One of those self-consciously intellectual movies that never comes close to realizing its lofty aims and winds up wallowing in pretentiousness. Dialogue designed to be heavily freighted with 'meaning' manages to be nothing more than dull and scrappy. A plot intended to keep us on the edge of our seats and titillate our minds is hopelessly contrived when it isn't just confused. Acting is mediocre. An interview with director Haneke in the extras manages to irritate even more as he puffs himself up with his cleverness and talks about America cinema in a smugly condescending manner. Yes, mainstream American cinema is full of trash, as is mainstream cinema of every country. But if you're going to try to create cinematic art, try to remember that great art conceals itself, it doesn't blow its own trumpet.
I love Haneke's films, but hesitate recommending them because they are very demanding. Cache, especially, demands that you spend most of the movie not knowing what's happening, just like the main characters. You're not only watching someone unravel a mystery; you yourself are there, almost physically, unraveling it. In addition, the ending has no great catharsis or climax; it is just sad and inescapable. To sum up, this is a great film, but it's not for viewers who need plot points spelled out, or at least wrapped up by the end.
This is no easy tale. Though it looks easy in the beginning the film becomes more disturbing than viewer expects; director Michael Haneke explains why in a brilliant interview; he also points out that many cinema lovers prefer resolved endings not unresolved ones, but then, some people prefer modern art and others traditional. The movie was so cool on the surface but turned out to be agonizing, with out offending anyone,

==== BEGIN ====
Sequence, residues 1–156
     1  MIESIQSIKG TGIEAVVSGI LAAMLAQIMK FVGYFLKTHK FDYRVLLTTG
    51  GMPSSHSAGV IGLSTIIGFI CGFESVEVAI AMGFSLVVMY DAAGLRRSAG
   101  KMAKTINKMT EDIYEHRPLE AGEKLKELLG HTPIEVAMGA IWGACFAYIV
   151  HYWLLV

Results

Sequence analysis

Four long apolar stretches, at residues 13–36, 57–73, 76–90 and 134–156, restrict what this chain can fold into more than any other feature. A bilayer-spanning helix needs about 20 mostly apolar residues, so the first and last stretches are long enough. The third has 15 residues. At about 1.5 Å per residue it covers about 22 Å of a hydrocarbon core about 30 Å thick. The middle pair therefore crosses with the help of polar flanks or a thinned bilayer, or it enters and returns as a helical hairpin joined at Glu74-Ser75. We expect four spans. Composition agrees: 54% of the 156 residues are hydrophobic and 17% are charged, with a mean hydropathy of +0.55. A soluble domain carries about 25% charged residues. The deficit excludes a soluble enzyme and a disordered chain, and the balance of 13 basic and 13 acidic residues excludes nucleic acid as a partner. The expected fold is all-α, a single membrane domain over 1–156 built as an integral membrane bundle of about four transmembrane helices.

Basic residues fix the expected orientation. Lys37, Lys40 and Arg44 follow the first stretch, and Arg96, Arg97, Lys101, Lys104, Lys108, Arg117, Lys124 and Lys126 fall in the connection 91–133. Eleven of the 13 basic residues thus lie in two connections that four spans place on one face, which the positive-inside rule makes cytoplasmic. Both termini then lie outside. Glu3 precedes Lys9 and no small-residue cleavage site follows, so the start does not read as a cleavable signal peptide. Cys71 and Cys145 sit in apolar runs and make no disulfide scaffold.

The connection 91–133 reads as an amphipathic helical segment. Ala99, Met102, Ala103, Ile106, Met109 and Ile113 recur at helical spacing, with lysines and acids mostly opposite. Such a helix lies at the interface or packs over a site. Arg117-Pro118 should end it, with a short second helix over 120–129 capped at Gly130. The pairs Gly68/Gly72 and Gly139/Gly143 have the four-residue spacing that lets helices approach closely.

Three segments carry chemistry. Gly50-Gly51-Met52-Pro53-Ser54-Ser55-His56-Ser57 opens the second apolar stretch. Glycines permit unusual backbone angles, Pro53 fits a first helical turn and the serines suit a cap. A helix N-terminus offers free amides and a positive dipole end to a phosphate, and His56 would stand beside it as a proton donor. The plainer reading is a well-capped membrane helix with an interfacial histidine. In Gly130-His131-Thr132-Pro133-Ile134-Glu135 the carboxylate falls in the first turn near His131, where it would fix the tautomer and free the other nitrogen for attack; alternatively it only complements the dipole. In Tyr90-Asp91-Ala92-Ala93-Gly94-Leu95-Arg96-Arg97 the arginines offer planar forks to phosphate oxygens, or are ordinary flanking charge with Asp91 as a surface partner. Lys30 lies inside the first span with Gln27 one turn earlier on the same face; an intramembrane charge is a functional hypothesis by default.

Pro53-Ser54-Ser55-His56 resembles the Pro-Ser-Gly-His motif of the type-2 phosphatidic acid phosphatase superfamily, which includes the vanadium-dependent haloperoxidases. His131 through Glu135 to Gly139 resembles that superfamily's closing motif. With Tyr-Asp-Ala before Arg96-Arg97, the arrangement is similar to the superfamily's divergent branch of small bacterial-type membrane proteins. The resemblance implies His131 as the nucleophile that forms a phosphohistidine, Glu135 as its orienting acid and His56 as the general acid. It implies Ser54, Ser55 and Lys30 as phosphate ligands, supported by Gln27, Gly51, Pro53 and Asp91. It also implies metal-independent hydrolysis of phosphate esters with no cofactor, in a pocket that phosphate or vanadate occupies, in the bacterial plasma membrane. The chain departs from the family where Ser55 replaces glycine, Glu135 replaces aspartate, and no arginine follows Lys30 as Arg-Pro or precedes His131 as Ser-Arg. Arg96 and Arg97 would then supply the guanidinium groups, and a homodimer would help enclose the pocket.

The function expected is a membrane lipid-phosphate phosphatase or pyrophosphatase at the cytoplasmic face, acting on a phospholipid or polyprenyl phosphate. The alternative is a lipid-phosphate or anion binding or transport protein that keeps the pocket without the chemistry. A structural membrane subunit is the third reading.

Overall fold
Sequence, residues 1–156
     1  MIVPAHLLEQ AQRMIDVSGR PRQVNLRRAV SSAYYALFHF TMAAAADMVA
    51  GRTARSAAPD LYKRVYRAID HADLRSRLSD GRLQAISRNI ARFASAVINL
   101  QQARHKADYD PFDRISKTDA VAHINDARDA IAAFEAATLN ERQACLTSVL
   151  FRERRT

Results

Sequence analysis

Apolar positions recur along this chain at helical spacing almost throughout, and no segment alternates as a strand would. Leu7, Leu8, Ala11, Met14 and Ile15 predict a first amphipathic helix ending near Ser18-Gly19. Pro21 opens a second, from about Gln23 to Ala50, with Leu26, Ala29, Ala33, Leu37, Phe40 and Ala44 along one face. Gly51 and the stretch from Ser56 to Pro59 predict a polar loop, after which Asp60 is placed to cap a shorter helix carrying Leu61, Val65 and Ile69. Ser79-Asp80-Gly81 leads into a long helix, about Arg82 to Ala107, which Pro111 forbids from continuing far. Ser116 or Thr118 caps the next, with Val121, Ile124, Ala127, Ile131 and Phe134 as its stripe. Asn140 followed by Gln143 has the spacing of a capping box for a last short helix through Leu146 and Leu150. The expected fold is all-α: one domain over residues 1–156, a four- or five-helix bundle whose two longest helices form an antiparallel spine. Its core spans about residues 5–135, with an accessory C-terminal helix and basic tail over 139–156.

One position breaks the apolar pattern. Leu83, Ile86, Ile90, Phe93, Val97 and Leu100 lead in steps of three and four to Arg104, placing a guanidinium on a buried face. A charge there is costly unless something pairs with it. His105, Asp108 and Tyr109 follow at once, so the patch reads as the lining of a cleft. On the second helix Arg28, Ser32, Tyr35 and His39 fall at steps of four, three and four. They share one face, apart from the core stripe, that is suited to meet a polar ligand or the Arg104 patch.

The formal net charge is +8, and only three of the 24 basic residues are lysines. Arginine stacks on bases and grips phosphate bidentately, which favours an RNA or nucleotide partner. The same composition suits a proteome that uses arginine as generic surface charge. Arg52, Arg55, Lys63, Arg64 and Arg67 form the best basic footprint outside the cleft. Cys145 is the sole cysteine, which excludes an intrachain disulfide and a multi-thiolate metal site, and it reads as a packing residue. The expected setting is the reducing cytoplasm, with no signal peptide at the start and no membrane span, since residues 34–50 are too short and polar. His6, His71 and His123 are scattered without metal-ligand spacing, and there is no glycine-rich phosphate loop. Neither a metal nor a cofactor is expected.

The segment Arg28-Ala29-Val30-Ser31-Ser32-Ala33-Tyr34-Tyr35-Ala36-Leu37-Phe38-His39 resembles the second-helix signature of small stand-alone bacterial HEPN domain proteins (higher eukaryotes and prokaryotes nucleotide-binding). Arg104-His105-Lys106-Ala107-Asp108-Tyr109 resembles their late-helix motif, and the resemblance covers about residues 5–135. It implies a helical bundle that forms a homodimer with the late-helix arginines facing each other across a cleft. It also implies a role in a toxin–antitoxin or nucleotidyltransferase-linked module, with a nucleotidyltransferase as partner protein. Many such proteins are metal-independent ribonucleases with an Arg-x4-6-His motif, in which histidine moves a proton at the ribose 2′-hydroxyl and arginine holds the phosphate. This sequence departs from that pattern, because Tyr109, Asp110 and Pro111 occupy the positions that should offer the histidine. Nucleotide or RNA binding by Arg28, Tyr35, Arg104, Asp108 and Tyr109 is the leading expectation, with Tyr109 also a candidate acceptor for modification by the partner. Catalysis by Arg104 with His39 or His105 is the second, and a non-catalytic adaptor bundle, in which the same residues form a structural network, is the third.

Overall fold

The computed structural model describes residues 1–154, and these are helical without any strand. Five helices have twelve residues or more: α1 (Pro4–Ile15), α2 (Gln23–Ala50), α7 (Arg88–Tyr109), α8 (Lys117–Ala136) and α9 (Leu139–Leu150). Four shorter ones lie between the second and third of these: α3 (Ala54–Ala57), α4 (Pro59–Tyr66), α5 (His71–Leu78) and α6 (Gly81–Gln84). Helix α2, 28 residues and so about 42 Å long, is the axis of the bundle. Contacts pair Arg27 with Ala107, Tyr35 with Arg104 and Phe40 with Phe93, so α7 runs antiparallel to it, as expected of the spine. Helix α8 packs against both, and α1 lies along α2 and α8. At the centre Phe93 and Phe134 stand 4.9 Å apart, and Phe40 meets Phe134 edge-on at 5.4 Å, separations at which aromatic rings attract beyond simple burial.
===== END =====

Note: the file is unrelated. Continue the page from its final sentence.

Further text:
A great movie. I remember when I first saw this and I was amazed by it. This is a mystery from France.
Nicely filmed movie. Plot was a bit obscure, but you get the picture, vaguely about 10 min. in. Acting was very good. One scene was a shocker - not for kids or the faint at heart.
Not a very moving picture.
Lousy, confusing movie. I was disappointed. I like Daniel Auteuil though.
With so many critics rushing to say how brilliant and brainy this film is I had expected something I could get my teeth into. Well, in one way I suppose I got just that because this picture is like eating taffy: lots of chewing, little nutrition. Other than the appearance of an upper middle class life-style, there is little information given about the character of Georges and Anne Laurent and their relationship. Nothing is given that would plausibly drive the intended story. They were so flat that I suspect we are to read them as symbols of that stratum of French society. Even so, the so-called guilt of Georges seems to me to be more of a plot convenience than real human feelings. And, yes, I see what’s going in the final shot but, while that tells me whodunit this ain’t exactly Hercule Poirot, and I have long since given up caring about this couple as people or, if you prefer, as symbols on the ridiculous path of this moralistic fable. Suffice to say Haneke is not Hitchcock.
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